On the basis of anamnestic data no history of drinking, smoking and illicit drug abuse was reported. Moreover, in his medical history there was no evidence of serious illness, such as diabetes mellitus or human immunodeficiency virus (HIV) infection. The patient had not been using proton pump inhibitors of stomach acid tablets, neither oral glycocorticosteroids or inhalation corticosteroids. Moreover, he did not need to take any antibiotics during his stay in Sri-Lanka.

The patient had a blood pressure of 180/100 mm Hg, a heart rate of 120 beats/min, a respiratory rate of 16 breaths/min, and a temperature of 38.9°C. On chest examination bilateral scattered rhonchi and mild rales were audible at the base of both the man's lungs. A chest radiograph revealed accentuation of the pulmonary reticulum, more marked on the right, but no clear signs of consolidation. The rest of the examination was notable for a minimally distended abdomen which was diffusely tender. Laboratory examination revealed a white blood cells (WBC) count of 6,400 cells/mm3 (normal range 4,000–10,000 cells/ mm3), a haemoglobin level of 15 g/dl (12–17 g/dl), a platelet count of 189,000 cells/mm3 (150,000 – 450,000 cells/mm3), an aspartate amino-transferase level of 71 U/L, an alanine aminotransferase level of 98 U/L; blood glucose level, serum electrolyte concentrations and renal function tests were within normal limits. A presumptive diagnosis of bronchitis was made, and the patient was transferred to our infectious disease department.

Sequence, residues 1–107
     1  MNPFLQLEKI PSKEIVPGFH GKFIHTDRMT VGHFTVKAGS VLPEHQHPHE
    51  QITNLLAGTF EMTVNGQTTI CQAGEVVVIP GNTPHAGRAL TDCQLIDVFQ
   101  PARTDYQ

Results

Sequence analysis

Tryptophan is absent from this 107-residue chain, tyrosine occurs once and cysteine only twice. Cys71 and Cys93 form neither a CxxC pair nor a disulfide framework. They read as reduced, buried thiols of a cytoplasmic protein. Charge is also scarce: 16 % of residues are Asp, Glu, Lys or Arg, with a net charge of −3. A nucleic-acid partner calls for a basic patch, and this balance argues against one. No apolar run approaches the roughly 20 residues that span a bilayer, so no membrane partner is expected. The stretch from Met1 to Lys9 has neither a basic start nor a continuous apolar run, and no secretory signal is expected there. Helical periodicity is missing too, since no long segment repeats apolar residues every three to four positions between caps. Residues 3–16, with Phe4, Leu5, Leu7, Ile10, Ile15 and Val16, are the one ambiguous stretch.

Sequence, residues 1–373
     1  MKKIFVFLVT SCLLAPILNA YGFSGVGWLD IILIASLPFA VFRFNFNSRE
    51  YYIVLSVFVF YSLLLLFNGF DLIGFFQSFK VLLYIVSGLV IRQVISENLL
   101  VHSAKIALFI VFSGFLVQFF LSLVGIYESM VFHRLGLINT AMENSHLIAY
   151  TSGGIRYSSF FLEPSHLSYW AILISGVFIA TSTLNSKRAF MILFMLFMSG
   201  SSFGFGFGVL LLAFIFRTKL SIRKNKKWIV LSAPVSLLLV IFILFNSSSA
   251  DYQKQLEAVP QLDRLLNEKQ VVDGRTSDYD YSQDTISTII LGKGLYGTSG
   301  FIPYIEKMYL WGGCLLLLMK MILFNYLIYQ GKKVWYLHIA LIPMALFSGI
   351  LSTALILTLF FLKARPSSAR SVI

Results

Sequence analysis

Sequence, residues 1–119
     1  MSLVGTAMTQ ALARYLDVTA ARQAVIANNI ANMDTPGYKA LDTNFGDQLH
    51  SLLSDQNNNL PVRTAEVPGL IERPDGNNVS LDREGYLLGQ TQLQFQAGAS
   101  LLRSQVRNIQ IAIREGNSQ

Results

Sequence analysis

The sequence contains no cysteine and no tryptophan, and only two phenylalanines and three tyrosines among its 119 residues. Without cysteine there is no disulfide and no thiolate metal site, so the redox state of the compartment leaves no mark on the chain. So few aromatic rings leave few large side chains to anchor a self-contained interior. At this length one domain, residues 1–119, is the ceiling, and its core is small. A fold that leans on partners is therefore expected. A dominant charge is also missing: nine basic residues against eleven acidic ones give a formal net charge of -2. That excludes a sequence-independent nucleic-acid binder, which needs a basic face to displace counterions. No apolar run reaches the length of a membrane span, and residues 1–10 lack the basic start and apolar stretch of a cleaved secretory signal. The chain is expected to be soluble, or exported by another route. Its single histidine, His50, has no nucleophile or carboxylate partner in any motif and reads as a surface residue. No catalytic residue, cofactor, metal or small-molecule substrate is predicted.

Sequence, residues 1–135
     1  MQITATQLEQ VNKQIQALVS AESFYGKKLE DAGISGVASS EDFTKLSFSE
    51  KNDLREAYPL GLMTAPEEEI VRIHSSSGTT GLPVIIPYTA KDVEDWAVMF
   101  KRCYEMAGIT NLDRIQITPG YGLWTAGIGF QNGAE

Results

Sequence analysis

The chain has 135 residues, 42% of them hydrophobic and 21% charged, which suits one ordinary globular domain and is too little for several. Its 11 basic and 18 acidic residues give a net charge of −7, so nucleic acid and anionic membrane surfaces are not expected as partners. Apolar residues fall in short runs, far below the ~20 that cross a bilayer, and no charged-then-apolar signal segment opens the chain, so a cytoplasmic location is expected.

At the time of admission, the patient was persistently febrile (39°C). On physical examination we noted dry skin and oral candidiasis characterized by creamy white, curdlike patches on the tongue; this clinical picture was so typical that it did not need a culture to confirm the diagnosis of oral candidiasis. His abdomen was diffusely tender to palpation and without recognizable hepatosplenomegaly. Cultures of blood and respiratory specimens were performed. Thick and thin blood smears for malaria were obtained.

Treatment with topical nystatin and empirical therapy with ciprofloxacin (500 mg iv every 12 hours) were started. Because of the oro pharyngeal candidiasis, lymphocyte count was taken, the absolute number of lymphocytes was 562 cells/ mm3. The CD4+ cell count was 130 cells/mm3while the CD8+ was 240; as a second step an HIV test (ELISA) was performed and was negative. To rule out a very recent infection a qualitative HIV PCR was performed and HIV RNA was undetectable. On the 3rd day of hospitalisation, a Salmonella species identified as S. typhi was isolated from the two consecutive blood cultures obtained on the day of admission. Isolates were susceptible to ampicillin, cotrimoxazole, chloramphenicol, cefotaxime, ceftriaxone, and ciprofloxacin with the standard disk diffusion susceptibility testing method. The patient continued ciprofloxacin for a total of 10 days; he became afebrile after 3 days of therapy and his oral candidiasis improved slowly with nistatin. The patient recovered and was discharged from the hospital on the 10th day. At that time, his CD4+ cell count was 622 cells/mm3.

On the 20th day after discharge and in the 3rd month of follow-up, the patient was symptom free and his CD4+ cell count was raised to 1,080 and 1,200 cells/mm3 respectively.